Providing relevant, in-depth educational experiences that form the foundation of secure coding skills will help developers to see the wider impact they can have helping to prevent cyber-attacks caused by common vulnerabilities. Coupled with incentives for writing secure code, CISOs and security executives can encourage developers to become a key part of their cyber-security teams.

Developer-centric security is cost effective

According to a study conducted by the IBM System Science Institute, the cost to fix a vulnerability increases by a factor of six once it leaves the development environment. If the vulnerability is uncovered as part of a traditional testing process after the app or programme has been completed, it becomes 15 times more expensive. If a bug or a vulnerability is found once a programme is placed in the production environment, it’s 100 times more detrimental to an organisation’s bottom line.

The initial cost of training developers to write secure code can be quickly justified after only a few vulnerabilities are eliminated before moving down the development pipeline. Instead of paying the price of a security breach, business leaders can invest in up-skilling developers and delivering a more effective, long-term solution.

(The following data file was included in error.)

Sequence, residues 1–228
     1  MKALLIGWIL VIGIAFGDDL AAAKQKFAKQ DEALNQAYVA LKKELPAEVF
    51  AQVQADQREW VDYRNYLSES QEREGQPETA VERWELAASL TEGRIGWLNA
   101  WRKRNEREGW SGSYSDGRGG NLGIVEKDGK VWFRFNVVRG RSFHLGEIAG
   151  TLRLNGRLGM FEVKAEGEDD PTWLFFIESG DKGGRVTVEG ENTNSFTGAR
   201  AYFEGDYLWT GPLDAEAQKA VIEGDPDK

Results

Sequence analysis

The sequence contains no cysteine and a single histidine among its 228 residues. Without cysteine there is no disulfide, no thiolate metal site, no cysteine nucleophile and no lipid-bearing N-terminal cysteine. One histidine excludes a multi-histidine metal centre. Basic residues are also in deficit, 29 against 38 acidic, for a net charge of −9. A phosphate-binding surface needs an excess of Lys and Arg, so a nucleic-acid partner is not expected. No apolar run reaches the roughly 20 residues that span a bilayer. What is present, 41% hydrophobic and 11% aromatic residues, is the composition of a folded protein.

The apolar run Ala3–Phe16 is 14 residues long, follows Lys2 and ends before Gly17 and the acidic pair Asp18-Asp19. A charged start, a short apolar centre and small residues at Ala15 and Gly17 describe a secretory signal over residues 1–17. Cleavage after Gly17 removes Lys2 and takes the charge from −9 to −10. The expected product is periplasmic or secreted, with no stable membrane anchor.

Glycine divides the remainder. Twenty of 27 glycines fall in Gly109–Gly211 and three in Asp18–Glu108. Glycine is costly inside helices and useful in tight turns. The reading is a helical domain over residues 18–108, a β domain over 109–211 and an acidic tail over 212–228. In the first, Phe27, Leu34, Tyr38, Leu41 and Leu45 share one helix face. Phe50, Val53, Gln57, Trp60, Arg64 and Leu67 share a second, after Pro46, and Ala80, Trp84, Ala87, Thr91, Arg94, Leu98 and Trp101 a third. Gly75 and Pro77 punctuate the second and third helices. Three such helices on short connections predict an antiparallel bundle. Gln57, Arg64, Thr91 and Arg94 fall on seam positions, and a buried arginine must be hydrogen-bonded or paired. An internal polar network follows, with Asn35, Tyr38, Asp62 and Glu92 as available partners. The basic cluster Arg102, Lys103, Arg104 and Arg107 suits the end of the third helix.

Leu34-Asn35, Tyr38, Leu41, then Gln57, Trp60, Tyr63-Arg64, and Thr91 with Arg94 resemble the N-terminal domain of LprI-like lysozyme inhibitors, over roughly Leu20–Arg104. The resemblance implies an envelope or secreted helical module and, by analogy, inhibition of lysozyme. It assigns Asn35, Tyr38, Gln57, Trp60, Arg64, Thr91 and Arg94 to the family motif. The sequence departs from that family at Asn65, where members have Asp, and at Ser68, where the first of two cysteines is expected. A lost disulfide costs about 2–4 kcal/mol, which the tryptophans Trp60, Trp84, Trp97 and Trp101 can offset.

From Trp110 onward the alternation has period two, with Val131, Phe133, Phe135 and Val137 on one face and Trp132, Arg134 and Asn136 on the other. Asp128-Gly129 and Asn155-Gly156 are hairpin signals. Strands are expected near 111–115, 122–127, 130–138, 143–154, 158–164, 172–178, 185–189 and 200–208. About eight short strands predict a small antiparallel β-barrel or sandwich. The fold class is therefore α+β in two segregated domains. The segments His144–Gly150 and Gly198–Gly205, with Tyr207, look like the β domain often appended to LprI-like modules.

Staying ahead of the curve

On-the-job skills development programmes often get a bad rap, and often unfairly so. In the case of cyber-security and many areas of technology, this is simply because developments move so fast, that guides written on the subject will be nearing obsolescence before they are finished.

To remain effective, learning should be continuous. Developing a dynamic up-skilling programme can lead to better coding, and higher skilled developers. Some developer-led programmes use learning tools that become a part of the process itself, issuing alerts if the developer writes code with a known vulnerability. They facilitate contextual, digestible teaching moments by explaining how the developer could have completed the same function securely.

Quality code is secure code

Many vulnerabilities exist because developers haven’t followed best practice programming. While familiarising themselves with the latest security practices, developers are also learning how to create higher-quality code.

In today’s world, where organisations are under constant threat of cyber-attack, investing in developers is a smart move for businesses. Vulnerabilities eliminated in the earliest stages of software development don’t go on to become security problems down the line.

While this “prevention is the best cure” approach has helped to counter the chaos caused by the pandemic, organisations should continue to take a developer-centric approach to security, even after we come out the other side.

Pieter Danhieux is co-founder and CEO of Secure Code Warrior

Main image courtesy of iStockPhoto.com

© Business Reporter 2021